In the beginning, most Champagne was what is now called Sec or “dry.” These wines were in the 2-4% residual sugar range. While today we would hardly call them dry, they were what was available and were very popular in the late 18th and early 19th centuries. In the latter middle of the 19th century, the British market asked for a drier style of Champagne. This same sort of request came twice more from the Paris Market. At the same time, some export customers were asking for sweeter styles of Champagne. From these market driven requests, the six levels of sweetness used for Champagne were developed. Most of the rest of the world has adopted the same wording to describe sweetness levels in sparkling wines whether produced in France, Spain, California, Argentina, or even India.
The dosage (doe-sahj) is the sugar added in the liqueur d’expedition that sweetens the Champagne into balance after riddling and disgorgement.
Sec was the starting point from which the other levels of dryness in Champagne and sparkling wines evolved – but it is little seen now and that is a shame. Typically in the 3-4% residual sugar (RS) range, Sec is now defined in the Champagne regulations as a range of from 1.7% to 3.4% RS. Sec tastes from off dry to pleasantly sweet but it is still in balance. Although hard to find, Sec is ideal with spicier foods and can be super with ham and melon. The fashion is now for much drier wine but good quality Sec Champagne remains useful at the table.
In the latter middle of the 19th century, the British market asked for Champagne drier than Sec. The producers obliged (reducing the sugar of the dosage to about 1.8% with a range from 1.2% to 2%) but they thought the wine wouldn’t sell anywhere but England so they used the English words Extra Dry rather than the French “ultra sec” to describe the new style in the official regulations. Within a few years, the new Extra Dry had surpassed Sec to became the best selling style of Champagne. Although it didn’t say Extra Dry” on the label, Moet & Chandon’s Extra Dry “White Star” was for a very long time the world’s best selling Champagne.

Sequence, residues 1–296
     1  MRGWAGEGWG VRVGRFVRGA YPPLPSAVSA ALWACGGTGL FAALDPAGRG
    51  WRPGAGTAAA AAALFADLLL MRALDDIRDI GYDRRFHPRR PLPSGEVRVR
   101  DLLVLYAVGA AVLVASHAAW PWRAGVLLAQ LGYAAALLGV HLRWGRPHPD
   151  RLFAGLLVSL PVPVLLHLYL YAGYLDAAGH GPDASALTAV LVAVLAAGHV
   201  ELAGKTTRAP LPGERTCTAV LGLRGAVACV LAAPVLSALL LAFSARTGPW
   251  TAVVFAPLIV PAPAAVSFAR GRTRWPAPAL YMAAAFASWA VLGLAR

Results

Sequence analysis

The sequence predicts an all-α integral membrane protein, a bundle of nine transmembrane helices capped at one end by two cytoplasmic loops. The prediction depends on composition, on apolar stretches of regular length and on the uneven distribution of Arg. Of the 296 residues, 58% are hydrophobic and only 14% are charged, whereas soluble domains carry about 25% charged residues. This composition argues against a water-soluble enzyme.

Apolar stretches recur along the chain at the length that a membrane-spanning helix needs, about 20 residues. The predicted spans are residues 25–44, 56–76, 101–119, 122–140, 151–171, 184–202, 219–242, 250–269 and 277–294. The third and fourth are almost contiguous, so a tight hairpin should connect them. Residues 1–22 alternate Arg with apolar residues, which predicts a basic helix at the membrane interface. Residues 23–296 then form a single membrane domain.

In the 1890s, the Paris market requested a style of Champagne drier than Extra Dry. Again the Champagne producers obliged (this time reducing the sugar dose to a mere 1% or so for a dry but still balanced taste) but, again, they thought this new, very dry style was going to be a passing fad. It was so “brutally dry” they named it Brut. With in a few more years, Brut had supplanted Extra Dry as the best selling style of Champagne. The Champagne regulations now define Brut in a range of from .6% to 1.5% RS.
The 1930s saw the introduction of Champagne with little or no dosage. These bone-dry cuvees were given different names by different producers. Examples include Cuvee sans Dosage, Ultra Brut, and Brut Sauvage. Most properly, Extra Brut indicates a very low dosage and Brut Nature or Natural indicates no dosage. In regulation, they all indicate a dosage of .5% or below – very dry indeed as the recognition threshold for most people is around .7% for sugar. This driest of all possible styles did not take off as had its increasingly dry predecessors and now enjoys only a limited but higher end (and by some highly regarded) market niche.
The two sweetest styles of Champagne, Demi-Sec and Doux were developed for other markets including Switzerland and Russia. Demi-Sec (or “semi-dry”) builds on the sweetness of Sec with an in-the-regulations dosage level ranging from 3.5% to 5% RS. Demi-Sec, if purpose made and in balance, can be delightful when served with spicier or mildly sweet dishes. This is becoming more common as more houses are purpose-making wines for Demi-Sec rather than merely adding more sugar to their Extra Dry or Brut cuvees. Doux (pronounced “dew”) is the sweetest style of Champagne with a dosage that is required to exceed 5% RS. While I have tasted a couple of Doux Champagnes in France (they weren’t very good), I have never seen a bottle for sale in the US. Doux fails because there is too much sugar for the amount of acidity in the wine. If you want something this sweet with bubbles, go with Asti Spumante and save $20 or more per bottle.